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Gay marriage: Why it’s better to be a U.S. Republican than an Australian Liberal

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Behind closed doors Liberal Party strategists must be wishing they were in a similar position to the Republican Party in America.

The Culture Wars in the United States have been a rampant one sided victory for the left on a host of key issues. Olympian Bruce Jenner became Caitlyn Jenner, the most prominent moment for transgender people. The Charleston slaying of nine defenseless black parishioners kicked off a movement to bring down the Confederate flag. While the legalisation of same-sex marriage nationwide elevated a community that’s been pushed to the background of American life for centuries.

Publicly, conservative presidential candidates and religious leaders are venting like crazy. However, behind closed doors Republican strategists are viewing the "Liberal Spring" as a gift leading up to the 2016 race for the White House.

When the Supreme Court outlawed state prohibitions on same sex marriage, not only did they remove this unwanted issue from republican candidate necks. It allowed them to do something all hard conservatives like to do, bash the courts.

GOP strategists see recent events as a great unburdening on key social issues the Democrats were hoping to wield.

As Tim Pawlenty, the former Republican governor of Minnesota put it:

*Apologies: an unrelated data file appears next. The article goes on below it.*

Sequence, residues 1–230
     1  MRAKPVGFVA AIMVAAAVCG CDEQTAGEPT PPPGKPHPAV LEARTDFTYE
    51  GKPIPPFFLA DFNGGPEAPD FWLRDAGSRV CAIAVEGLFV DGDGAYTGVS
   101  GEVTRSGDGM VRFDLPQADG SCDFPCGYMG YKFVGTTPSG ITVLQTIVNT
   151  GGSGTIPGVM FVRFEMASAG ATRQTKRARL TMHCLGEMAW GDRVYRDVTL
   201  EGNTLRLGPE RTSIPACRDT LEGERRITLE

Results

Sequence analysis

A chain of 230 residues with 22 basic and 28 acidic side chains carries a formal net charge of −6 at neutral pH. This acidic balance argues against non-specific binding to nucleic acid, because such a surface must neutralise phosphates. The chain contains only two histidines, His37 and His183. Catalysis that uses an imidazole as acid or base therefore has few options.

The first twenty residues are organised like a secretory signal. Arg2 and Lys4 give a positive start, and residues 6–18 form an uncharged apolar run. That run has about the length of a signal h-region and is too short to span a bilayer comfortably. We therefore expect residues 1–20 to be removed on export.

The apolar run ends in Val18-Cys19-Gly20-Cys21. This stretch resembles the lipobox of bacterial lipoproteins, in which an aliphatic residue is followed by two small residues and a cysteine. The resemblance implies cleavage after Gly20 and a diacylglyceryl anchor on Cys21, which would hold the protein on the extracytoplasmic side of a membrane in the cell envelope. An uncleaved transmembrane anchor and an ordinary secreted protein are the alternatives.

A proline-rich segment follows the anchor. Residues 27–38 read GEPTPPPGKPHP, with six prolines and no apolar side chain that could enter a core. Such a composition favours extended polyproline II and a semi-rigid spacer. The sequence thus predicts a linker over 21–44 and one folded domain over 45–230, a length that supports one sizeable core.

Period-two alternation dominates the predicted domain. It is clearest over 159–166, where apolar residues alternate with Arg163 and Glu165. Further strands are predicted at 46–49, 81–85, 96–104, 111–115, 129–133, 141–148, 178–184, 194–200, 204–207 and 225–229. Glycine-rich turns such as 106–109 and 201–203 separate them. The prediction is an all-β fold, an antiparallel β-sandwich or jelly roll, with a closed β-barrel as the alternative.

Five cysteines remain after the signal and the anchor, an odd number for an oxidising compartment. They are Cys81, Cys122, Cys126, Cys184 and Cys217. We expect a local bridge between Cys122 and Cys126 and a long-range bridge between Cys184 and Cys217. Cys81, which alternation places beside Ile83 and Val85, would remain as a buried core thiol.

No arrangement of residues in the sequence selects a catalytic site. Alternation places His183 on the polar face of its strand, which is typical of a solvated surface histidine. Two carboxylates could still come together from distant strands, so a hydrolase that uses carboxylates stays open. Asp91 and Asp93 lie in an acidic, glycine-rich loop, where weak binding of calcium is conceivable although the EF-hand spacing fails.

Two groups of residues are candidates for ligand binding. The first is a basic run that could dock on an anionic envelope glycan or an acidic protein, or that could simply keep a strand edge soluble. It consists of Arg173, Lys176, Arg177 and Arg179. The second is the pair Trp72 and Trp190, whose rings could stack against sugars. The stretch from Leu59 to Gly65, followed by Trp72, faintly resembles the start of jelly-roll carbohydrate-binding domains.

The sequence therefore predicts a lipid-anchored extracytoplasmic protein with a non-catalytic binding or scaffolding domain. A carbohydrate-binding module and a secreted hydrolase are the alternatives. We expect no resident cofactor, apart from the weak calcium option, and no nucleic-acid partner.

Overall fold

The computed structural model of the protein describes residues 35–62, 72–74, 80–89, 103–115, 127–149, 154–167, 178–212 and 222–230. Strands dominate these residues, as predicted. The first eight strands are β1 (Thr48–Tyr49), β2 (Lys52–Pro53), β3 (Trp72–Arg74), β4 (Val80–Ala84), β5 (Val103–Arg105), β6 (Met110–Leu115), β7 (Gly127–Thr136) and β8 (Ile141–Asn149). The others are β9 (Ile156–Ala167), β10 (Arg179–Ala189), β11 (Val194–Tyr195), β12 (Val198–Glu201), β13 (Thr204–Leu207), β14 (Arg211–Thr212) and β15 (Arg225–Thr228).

“Whether the presidential candidates agree or disagree with the results of all this, it allows them to say these issues have been settled and move on to things that offer more of a political home-field advantage."

Such as conservative strong points like economics and national security.

Tony Abbott is in a sticky situation.

The majority of Australians support marriage equality. While corporations including Google, Qantas, Optus, and ANZ have put their names to a list of Australian businesses backing its support.

The majority of the coalition don’t support marriage equality. Including Senate leader Eric Abetz who sent out a blunt message to Liberal moderates who want change: "I have no hesitation in supporting the long established Liberal Party policy to preserve and protect the institution of marriage, just as we did at the last election.”

A cross-party bill is set to be introduced on 11 August. Abbott has said the decision on whether or not Liberal MP’s should have a free vote on this issue would be decided in a party room debate.

Liberal supporters of same-sex marriage want Liberal MPs to be permitted a free vote on the cross-party bill. However, If Abbott allows this, he will in all likelihood be making the first decisive move to make gay marriage legal. While going against the wishes of the majority of the government he leads — and much of his supporter base.

Right now Abbott must be wishing Australia’s highest court had taken this decision out of his hands like it did for Republicans.

Gerard May is an Australian political freelance writer living in New York City. He can be followed on Twitter @GerardMay5.

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